Mission: Provide temporary shelter, counseling, legal support, and telephone hotline for victims of domestic violence.
Programs: The safer living program delivers services "within our walls," to clients who are receiving services at one of our traditional sites. The safer living program is divided into three types of services: safe home, safe adults, and safe children. Safe home services are for residential clients, and include safe accommodations in our emergency shelter, education, crisis support, and life skills development. All adult clients receive ongoing case management and group and individual domestic violence counseling from our safe adults team. Our safe children staff provide group and individual domestic violence support and counseling to children and families. The safer living program works with approximately 1600 clients a year.
the safer communities program delivers services "outside our walls," to clients in off-site and/or community-based settings. The safer communities program is divided into three types of services: safe connections, court/victim advocacy, and educational community. Safe connections services include our 24-hour hotline as well as groups and individual support offered in community-based settings. Court/victim advocacy services are primarily provided through our publicly accessible office at the dupage county courthouse, and include assistance with orders of protection, connection to legal resources, and outreach to victims identified to us by police officers. Educational community services include prevention education offered in schools and other community settings, as well as domestic violence training and education for professionals, volunteers, and other community members. Annually, the safer communities program answers approximately 10,000 hotline calls, provides prevention education and training to nearly 6,200 students and community members, and serves over 1,000 in-person clients.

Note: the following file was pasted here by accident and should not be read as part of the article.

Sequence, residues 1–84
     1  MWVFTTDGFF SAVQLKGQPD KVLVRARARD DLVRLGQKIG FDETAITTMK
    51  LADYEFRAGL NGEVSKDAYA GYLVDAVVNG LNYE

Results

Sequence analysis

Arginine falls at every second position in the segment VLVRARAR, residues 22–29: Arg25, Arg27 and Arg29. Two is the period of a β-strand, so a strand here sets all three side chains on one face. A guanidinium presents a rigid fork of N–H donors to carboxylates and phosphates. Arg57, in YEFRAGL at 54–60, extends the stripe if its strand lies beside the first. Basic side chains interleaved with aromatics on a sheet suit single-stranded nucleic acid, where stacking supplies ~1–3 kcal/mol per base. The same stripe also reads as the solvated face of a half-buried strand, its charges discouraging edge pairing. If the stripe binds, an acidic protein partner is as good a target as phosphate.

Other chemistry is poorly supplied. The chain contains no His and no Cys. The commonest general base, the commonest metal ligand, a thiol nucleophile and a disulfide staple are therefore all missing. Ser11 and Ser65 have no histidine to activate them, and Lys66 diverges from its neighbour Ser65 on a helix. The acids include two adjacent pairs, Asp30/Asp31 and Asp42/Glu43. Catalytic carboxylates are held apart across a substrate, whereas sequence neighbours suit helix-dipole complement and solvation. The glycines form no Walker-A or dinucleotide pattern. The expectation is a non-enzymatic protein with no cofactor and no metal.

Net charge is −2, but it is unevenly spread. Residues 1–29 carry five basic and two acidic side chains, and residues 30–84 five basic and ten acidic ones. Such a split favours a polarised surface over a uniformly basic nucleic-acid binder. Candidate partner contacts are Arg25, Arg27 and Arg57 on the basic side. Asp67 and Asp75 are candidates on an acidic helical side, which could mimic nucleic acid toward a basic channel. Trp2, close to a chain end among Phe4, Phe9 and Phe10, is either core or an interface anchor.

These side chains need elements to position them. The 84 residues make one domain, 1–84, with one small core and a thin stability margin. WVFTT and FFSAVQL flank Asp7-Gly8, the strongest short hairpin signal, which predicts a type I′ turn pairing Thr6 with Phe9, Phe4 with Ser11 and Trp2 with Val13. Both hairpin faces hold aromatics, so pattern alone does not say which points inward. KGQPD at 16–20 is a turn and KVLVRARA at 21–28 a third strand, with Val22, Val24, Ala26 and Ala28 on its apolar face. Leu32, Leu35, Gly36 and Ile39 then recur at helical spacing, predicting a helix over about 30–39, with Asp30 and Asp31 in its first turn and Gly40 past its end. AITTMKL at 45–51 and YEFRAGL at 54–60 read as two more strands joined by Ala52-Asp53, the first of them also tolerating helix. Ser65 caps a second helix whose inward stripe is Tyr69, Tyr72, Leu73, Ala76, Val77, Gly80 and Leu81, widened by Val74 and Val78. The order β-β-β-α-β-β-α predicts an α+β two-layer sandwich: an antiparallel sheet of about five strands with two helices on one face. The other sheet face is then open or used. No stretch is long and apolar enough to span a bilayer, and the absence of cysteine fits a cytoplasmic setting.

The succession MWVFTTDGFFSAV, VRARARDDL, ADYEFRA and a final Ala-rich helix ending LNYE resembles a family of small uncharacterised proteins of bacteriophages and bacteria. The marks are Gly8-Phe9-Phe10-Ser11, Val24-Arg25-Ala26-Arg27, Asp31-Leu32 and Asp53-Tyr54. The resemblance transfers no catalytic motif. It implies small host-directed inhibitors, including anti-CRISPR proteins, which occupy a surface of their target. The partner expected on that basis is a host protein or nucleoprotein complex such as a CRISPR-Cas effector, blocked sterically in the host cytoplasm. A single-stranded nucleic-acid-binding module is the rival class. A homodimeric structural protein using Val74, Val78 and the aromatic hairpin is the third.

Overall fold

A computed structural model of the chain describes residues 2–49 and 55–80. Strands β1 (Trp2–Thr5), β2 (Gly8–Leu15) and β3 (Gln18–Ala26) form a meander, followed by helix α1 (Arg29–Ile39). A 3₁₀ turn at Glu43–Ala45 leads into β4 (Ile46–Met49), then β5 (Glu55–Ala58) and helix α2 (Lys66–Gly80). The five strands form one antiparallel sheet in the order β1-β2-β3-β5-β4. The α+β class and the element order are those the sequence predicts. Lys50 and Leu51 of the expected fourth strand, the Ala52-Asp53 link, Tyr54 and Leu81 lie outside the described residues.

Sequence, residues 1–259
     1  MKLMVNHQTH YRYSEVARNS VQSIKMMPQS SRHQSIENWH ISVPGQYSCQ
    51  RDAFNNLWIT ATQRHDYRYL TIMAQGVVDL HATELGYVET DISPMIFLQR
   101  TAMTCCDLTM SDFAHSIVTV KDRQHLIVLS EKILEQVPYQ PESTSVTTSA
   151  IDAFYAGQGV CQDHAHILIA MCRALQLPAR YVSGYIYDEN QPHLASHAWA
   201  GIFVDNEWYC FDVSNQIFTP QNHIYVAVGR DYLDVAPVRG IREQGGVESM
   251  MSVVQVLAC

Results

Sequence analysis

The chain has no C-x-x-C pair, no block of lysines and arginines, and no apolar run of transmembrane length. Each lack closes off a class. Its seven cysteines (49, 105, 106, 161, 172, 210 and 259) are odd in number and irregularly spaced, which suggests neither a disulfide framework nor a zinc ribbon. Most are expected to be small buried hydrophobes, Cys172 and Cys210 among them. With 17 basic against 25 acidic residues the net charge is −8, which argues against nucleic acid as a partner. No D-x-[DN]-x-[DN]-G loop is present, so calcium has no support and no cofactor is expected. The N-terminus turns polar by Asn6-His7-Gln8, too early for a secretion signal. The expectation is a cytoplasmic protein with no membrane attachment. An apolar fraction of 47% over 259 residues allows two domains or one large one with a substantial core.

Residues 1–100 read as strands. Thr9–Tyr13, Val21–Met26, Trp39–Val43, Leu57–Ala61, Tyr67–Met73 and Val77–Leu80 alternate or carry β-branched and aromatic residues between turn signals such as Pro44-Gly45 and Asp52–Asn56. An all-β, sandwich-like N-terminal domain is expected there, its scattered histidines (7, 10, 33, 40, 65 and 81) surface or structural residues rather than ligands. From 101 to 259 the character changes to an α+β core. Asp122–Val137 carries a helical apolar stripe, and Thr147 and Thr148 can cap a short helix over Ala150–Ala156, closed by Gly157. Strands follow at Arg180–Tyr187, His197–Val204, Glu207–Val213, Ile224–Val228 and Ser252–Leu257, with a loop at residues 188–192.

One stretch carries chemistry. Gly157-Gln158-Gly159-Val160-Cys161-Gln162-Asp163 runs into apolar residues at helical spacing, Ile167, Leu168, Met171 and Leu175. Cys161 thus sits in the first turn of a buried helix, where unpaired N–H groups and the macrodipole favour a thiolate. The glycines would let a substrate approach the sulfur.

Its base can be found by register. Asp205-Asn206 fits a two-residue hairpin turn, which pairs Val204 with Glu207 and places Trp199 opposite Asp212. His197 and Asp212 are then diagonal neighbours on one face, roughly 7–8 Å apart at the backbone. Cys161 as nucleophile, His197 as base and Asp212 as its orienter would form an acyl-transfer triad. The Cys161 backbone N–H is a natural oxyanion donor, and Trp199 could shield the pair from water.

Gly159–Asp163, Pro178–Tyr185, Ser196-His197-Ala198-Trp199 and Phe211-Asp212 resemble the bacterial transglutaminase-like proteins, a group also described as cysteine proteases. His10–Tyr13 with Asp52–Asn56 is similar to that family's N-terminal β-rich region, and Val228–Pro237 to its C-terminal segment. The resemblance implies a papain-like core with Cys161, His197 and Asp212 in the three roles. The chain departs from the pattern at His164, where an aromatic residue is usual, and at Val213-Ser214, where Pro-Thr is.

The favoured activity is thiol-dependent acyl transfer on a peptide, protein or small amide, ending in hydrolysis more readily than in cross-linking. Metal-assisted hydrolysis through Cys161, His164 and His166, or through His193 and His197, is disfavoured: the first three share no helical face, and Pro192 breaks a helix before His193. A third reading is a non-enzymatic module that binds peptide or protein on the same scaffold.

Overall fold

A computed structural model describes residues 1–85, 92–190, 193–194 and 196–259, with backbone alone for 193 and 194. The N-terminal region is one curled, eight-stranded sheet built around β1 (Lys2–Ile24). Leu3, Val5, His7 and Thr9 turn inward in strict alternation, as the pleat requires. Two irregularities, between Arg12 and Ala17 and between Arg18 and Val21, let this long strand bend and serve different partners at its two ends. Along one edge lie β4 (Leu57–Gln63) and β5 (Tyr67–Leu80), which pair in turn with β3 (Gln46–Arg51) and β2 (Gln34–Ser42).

This is a fantastic, client-centered nonprofit. I took their 48-hour Issues in Domestic Violence class that they offer to volunteers and community members, and it opened my eyes to how much domestic violence is all around me, even in the "sheltered" Wheaton community. I learned about the cycle of violence, indicators of an abusive relationship, and the challenges and obstacles to seeking help for many women. The classes were led by shelter staff members, who were all very knowable about their fields, competent, professional, and full of compassion. They practice trauma-informed care and I can tell that they care deeply about the needs of their clients. I would highly recommend taking the Issues in Domestic Violence class and getting further involved with the shelter as a supporter or volunteer.